Doug Marrone of the Jaguars, Dan Quinn of the Falcons

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Doug Marrone of the Jaguars, Dan Quinn of the Falcons

Messagede zhangzk » 17 Jan 2020, 05:54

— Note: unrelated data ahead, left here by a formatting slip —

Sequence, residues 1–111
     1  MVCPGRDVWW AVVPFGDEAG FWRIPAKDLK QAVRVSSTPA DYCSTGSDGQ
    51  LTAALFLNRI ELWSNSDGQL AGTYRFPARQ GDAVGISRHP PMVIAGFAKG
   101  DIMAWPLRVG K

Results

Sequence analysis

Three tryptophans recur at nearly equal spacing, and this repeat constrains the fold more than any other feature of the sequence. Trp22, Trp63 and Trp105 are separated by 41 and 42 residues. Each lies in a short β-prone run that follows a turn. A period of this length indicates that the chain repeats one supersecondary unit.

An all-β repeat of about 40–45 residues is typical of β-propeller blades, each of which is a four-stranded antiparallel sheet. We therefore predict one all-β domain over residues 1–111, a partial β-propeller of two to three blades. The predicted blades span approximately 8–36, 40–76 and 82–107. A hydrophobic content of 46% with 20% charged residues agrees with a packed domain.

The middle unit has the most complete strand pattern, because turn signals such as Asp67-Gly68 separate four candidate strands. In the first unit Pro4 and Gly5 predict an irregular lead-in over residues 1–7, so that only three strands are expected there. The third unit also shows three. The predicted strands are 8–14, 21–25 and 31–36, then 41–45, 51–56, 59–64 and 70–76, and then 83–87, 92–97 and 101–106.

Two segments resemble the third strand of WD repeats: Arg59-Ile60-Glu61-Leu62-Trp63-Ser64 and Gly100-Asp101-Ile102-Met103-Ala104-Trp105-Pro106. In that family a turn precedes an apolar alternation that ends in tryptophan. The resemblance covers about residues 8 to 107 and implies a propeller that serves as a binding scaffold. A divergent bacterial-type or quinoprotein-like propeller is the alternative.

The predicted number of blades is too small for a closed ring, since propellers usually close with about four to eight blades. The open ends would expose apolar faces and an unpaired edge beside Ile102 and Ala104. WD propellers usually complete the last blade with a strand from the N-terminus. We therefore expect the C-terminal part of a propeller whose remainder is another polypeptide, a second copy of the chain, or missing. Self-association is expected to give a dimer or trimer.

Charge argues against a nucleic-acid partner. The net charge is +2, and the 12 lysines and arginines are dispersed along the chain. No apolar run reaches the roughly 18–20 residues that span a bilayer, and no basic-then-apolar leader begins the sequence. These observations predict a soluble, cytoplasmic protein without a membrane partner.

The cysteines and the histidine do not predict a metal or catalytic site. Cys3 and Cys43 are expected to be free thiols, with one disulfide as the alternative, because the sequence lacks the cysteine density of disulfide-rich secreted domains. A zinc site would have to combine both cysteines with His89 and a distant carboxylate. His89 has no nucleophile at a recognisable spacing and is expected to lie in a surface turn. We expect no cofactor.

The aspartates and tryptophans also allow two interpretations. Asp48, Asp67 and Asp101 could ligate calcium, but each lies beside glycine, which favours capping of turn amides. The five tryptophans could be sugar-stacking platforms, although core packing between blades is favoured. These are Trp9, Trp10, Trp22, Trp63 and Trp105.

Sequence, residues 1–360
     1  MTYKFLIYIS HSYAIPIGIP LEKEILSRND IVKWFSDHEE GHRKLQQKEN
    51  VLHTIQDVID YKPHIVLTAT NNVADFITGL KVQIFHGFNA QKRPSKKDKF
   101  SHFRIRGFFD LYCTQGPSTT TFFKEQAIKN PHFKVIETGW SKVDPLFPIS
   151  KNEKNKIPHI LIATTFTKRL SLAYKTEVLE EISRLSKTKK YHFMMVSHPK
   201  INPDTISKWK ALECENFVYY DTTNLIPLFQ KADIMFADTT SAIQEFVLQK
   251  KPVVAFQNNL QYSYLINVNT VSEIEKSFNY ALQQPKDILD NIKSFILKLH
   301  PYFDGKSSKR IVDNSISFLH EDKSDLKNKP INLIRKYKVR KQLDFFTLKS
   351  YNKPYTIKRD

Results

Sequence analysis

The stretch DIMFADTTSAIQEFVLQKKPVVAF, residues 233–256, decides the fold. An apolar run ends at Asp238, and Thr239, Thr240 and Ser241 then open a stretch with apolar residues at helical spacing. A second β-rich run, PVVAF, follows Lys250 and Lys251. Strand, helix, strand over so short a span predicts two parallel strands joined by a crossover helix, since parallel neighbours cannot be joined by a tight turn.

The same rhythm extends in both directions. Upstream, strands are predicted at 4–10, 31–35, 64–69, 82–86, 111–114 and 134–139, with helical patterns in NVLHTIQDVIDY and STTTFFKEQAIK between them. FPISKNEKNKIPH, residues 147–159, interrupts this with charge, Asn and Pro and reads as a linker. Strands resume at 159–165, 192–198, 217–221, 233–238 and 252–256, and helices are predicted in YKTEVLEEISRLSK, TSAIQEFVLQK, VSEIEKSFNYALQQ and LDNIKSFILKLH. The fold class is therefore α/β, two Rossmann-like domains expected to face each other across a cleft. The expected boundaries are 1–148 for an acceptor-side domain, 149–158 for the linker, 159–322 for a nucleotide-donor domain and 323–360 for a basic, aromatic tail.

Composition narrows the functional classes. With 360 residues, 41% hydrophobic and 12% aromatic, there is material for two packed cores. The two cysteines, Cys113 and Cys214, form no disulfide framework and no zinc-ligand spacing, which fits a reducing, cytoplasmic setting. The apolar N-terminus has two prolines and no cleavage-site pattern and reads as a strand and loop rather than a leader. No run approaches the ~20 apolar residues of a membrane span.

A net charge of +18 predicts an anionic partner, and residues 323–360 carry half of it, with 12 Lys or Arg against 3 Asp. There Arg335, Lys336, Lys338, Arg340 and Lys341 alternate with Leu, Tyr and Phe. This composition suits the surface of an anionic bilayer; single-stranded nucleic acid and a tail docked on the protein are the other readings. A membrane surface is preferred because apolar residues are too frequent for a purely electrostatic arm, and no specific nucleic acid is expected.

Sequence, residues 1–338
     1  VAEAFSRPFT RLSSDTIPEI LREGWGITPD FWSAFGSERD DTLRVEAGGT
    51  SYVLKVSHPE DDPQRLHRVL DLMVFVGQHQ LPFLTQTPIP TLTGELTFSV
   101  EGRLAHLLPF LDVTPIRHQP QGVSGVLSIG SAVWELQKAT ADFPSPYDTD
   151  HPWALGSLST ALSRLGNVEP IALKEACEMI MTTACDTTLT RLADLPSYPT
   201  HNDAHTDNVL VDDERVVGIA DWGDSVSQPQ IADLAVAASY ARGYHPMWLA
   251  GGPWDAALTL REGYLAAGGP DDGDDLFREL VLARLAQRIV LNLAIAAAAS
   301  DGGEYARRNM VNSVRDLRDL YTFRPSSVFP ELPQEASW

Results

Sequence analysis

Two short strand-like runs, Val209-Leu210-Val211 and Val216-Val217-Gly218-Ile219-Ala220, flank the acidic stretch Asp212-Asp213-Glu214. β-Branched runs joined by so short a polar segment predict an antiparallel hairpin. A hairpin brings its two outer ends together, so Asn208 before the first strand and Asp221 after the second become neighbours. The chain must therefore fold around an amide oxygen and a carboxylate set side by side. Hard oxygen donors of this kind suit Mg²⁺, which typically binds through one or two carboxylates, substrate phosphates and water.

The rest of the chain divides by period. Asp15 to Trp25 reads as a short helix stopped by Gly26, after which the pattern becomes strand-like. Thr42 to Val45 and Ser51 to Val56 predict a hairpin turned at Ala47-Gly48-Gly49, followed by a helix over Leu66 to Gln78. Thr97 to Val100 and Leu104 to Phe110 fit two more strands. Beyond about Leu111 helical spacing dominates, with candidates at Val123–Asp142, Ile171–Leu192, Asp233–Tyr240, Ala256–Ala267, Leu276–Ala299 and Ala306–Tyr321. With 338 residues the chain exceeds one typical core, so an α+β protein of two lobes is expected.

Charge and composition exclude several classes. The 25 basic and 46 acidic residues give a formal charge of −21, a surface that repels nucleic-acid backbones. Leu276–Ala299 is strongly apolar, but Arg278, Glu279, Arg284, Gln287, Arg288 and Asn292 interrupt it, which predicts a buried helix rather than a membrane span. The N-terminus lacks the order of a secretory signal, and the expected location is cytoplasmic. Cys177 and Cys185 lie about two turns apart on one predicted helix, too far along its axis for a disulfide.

Now that the bye weeks are over , no need to keep players that you have no intention of starting. But you should consider picking up the true handcuffs for your star players. One such player is running back James Conner of the Steelers. During the bye weeks, you needed the roster space to claim players who would likely be active for your team at some point. But Conner’s value to fantasy players with Le’Veon Bell on their roster is higher now as insurance in the event Bell suffers an injury. You hope that you never have to start such a player, but at least all would not be lost if Bell suffers an injury that would cause him to miss time. Another decision you will need to make is whether to claim star players who won’t return to the field until your fantasy playoffs; players like Aaron Rodgers, David Johnson, and Ezekiel Elliott. There is no guarantee that any of them will play again this season, but any one of them could lead you to a championship if they do return. It’s certainly a gamble to drop a useful player for a roll of the dice, which is why you need to be honest with yourself before making such a move. What are the odds that the player returns to the field?Regarding Johnson and Rodgers, their respective NFL teams could be out of the playoff hunt, which would make it unlikely that they return unless they are truly 100 percent healthy. You also need to ask yourself how comfortable you would be starting either player in their first game back from injury. There is no room for error during your fantasy playoffs. If they are rusty, you may not get a second chance for them to help your team. One last thing to consider would be to make sure you’re not releasing a player who will be beneficial to one of your opponents. AARON RODGERS, QB, Green Bay Packers (48 percent) If you want to carry a backup quarterback, then consider taking a shot with Rodgers. It’s a long shot that he plays again this season, and the earliest he could return is Week 15 versus the Carolina Panthers. Since your backup quarterback isn’t likely to start for your team anyway, Rodgers could be a risk worth taking. CHRIS CARSON, RB, Seattle Seahawks (10 percent) Carson looked like he could be the answer to what ails the Seattle running game before he broke a leg. His rehabilitation is going better than expected, and he could return to the team in December. Running backs always have value, and while there is some question about how effective he will be when he returns, Carson may still be worth a waiver claim for your championship run. COREY COLEMAN, WR, Cleveland Browns (34 percent) Coleman was activated from injured reserve this past week and had a respectable game (six receptions for 80 yards on 11 targets) against Jacksonville, which may be the best defensive team in the NFL. Coleman’s issues have always been staying healthy and the play of Cleveland’s quarterbacks. The quarterback play may still be a problem, but Coleman should be a flex consideration as Cleveland will typically be playing from behind, which forces them to throw the ball early and often. As for Josh Gordon (45 percent), make no mistake, he is a huge unknown. Yes, Gordon had a monster season in 2013, with 87 receptions for 1,646 yards and nine touchdowns, however, that was four years ago. It’s just silly to think he’s going to be that kind of player right away and lead you to fantasy gold. JOSH DOCTSON, WR, Washington Redskins (43 percent) Washington has lost a running back for the rest of the season in each of the past two games. First, it was announced that Rob Kelley would be placed on injured reserve with an ankle injury and then, Chris Thompson suffered a broken leg this past Sunday. Sure, Samaje Perine may do some damage, but Washington will move the chains and score points via the passing game. Doctson seems to be gaining the trust of quarterback Kirk Cousins with each passing week. With Terrelle Pryor seemingly no longer in Washington’s plans, Doctson may be their top outside wide receiver. O.J. HOWARD, TE, Tampa Bay Buccaneers (36 percent) The Bucs may have won Sunday, but their season is on life support; so, it would be prudent to get Howard more involved in the passing game. Tight end is not the easiest position to learn. In addition to memorizing all of the pass routes, you have to block effectively as well. Howard could be a mainstay in the Bucs starting lineup from this point forward. — This column was provided to The Associated Press by the Fantasy Sports Network, Visceral blowback to the NFL’s updated rule that players can’t lead with their helmets to make contact is straight out of tough-guy football 101. Hard-hitting defensive backs say the league is destroying the physical element of the game or lament that it’s changing the sport entirely.“Do they want us to play flag football?” Dolphins cornerback Xavien Howard said. “It’s crazy.”Beyond the criticism from old-school players bristling at another rule change or point of emphasis is legitimate confusion as to how the enhanced regulations will actually be enforced. No longer can a player initiate contact with his head anywhere on an opponent’s body, penalized 15 yards or possibly by ejection in egregious cases, and players and coaches — offensive guys, too — are bracing for how it will be applied.“You just hope it’s not called as frequently, because if they are going to call it on every single offensive and defensive lineman Montez Sweat Jersey , the game is going to be played at a snail’s pace,” 49ers cornerback Richard Sherman said. “It seems like they are neglecting the impact it is going to have on the game, and I don’t think they fully understand the scope and how huge it will be.”Contact to a player’s head and neck has been a penalty for some time now, but this rule was ramped up to take it a step further. A ball carrier or an offensive lineman can’t lower his head into a defender, and a defensive player can’t make any part of his helmet the primary point of contact when attempting to tackle.It’s similar to the NCAA rule that has been in place since 2013, though at the college level, “targeting” carries an automatic ejection, reviewable by replay. The league estimated that just two plays last season would’ve led to an ejection under the new rule that’s forcing players to adjust their approaches.“It’s really hard to change the way you’ve been playing after 20 years,” Cowboys safety Jeff Heath said. “You’re not always thinking about where you’re hitting somebody. You’re just trying to get them down. As soon as you start thinking, and second-guessing yourself, I think that’s when trouble happens. Hopefully it does the job in keeping players safe but doesn’t result in a lot of ejections.”As the NFL alters this rule and another to kickoffs in the name of safety, some players are willing to accept the reasons for changes. Denver’s three-time All-Pro linebacker Von Miller said, “They’ve put in rules to take care of all the players, as well, so I’m good with all the rule changes.”Seahawks coach Pete Carroll said he used to fight the evolution of football “like an old dog,” but has come to accept changes in the name of doing the right thing for players. He expects there to be a wide application of the enhanced helmet rule and doesn’t consider it such a bad thing.“I think it’s across the board because it can happen multiple times on any play, where guys use the top of their helmet,” Carroll said. “We’re just getting out of it. It’s really about going back to really good shoulder-leverage play.”That’s how Josh Norman feels about it. The Washington Redskins cornerback knows he has accidentally made helmet contact with opponents, but as a player not known for those plays considers this a reminder about sound fundamentals.“Head up, bowed neck, tackle with your facemask,” Norman said. “It’s not with the crown of your head. Obviously injuries come. People get paralyzed like that. Nobody should play like that.”To get the message across, coaches Anthony Lynn of the Chargers, Mike Vrabel of the Titans and Todd Bowles of the Jets each narrated a clip-by-clip video illustrating how the enhanced rule affects a different position group: running backs , offensive linemen , defensive linemen , linebackers and defensive backs . Hall of Fame running back Curtis Martin and linebackers Willie Lanier , also a Hall of Famer, and Willie McGinest taped minute-long videos explaining to players the importance of stance posture and technique to avoid unnecessary head contact.In the first test of the heightened emphasis on head contact, Baltimore linebackers Patrick Onwuasor and Kamalei Correa were each flagged for 15-yard penalties in the Hall of Fame game that opened the preseason. Watching that gave Denver coach Vance Joseph a glimpse of what effect the helmet rule will have, pointing out it’s not just on players to adjust.“Coaching that part, in my opinion, is going to be the tough part — not the defenders,” Joseph said. “That’s been taught and that’s been coached for a long time, with the offensive guys using their stiff arm and putting the ball in the proper hand, using their shoulders versus their head. It’s going to take teaching.”It’s going to take some trial and error in games for players and officials to realize how it will actually be called. Veteran Bills linebacker Lorenzo Alexander figures it could happen somewhere on the field on any play, so he and his teammates will try to toe the line between watching out for it and not thinking so much that it proves costly.“You can’t really change your mindset,” Buffalo safety Micah Hyde said. “That’s when you start playing passive, and you start giving up stuff. I don’t know, it’s kind of hard to explain, it’s kind of when your ankle’s hurt, you tape it, you’re thinking about it, and then you might hurt something else. It’s the same along those lines, you can’t really think about it: Just go out there and play football.”